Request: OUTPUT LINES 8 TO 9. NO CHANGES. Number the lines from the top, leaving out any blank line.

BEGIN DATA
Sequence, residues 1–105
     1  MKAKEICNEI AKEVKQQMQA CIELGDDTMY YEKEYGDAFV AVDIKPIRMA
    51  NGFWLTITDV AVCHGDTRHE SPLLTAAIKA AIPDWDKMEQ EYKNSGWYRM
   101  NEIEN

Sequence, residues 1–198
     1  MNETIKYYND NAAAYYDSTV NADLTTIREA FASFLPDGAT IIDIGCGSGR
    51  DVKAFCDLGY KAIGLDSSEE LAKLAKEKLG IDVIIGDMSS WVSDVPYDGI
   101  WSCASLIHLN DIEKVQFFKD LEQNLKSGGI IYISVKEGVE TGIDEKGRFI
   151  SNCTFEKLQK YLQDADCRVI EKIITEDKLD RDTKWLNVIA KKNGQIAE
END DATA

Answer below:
   101  WSCASLIHLN DIEKVQFFKD LEQNLKSGGI IYISVKEGVE TGIDEKGRFI
   151  SNCTFEKLQK YLQDADCRVI EKIITEDKLD RDTKWLNVIA KKNGQIAE